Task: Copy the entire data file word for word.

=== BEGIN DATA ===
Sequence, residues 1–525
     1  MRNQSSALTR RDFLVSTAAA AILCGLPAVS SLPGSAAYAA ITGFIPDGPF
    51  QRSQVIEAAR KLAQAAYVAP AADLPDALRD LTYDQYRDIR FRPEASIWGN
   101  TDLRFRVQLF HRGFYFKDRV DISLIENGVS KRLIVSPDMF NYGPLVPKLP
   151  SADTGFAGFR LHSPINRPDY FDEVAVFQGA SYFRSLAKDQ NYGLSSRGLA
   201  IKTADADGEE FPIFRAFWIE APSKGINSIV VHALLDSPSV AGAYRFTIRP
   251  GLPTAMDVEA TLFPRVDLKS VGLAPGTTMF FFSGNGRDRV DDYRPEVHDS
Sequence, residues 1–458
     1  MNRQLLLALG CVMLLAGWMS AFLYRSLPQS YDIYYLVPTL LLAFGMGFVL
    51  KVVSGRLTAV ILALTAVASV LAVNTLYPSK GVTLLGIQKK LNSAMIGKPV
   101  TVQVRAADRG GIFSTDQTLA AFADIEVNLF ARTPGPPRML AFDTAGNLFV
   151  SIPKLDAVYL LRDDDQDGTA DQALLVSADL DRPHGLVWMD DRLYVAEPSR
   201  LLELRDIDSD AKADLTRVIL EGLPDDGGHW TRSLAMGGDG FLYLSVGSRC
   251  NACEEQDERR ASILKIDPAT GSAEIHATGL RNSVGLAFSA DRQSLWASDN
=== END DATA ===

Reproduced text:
Sequence, residues 1–525
     1  MRNQSSALTR RDFLVSTAAA AILCGLPAVS SLPGSAAYAA ITGFIPDGPF
    51  QRSQVIEAAR KLAQAAYVAP AADLPDALRD LTYDQYRDIR FRPEASIWGN
   101  TDLRFRVQLF HRGFYFKDRV DISLIENGVS KRLIVSPDMF NYGPLVPKLP
   151  SADTGFAGFR LHSPINRPDY FDEVAVFQGA SYFRSLAKDQ NYGLSSRGLA
   201  IKTADADGEE FPIFRAFWIE APSKGINSIV VHALLDSPSV AGAYRFTIRP
   251  GLPTAMDVEA TLFPRVDLKS VGLAPGTTMF FFSGNGRDRV DDYRPEVHDS
Sequence, residues 1–458
     1  MNRQLLLALG CVMLLAGWMS AFLYRSLPQS YDIYYLVPTL LLAFGMGFVL
    51  KVVSGRLTAV ILALTAVASV LAVNTLYPSK GVTLLGIQKK LNSAMIGKPV
   101  TVQVRAADRG GIFSTDQTLA AFADIEVNLF ARTPGPPRML AFDTAGNLFV
   151  SIPKLDAVYL LRDDDQDGTA DQALLVSADL DRPHGLVWMD DRLYVAEPSR
   201  LLELRDIDSD AKADLTRVIL EGLPDDGGHW TRSLAMGGDG FLYLSVGSRC
   251  NACEEQDERR ASILKIDPAT GSAEIHATGL RNSVGLAFSA DRQSLWASDN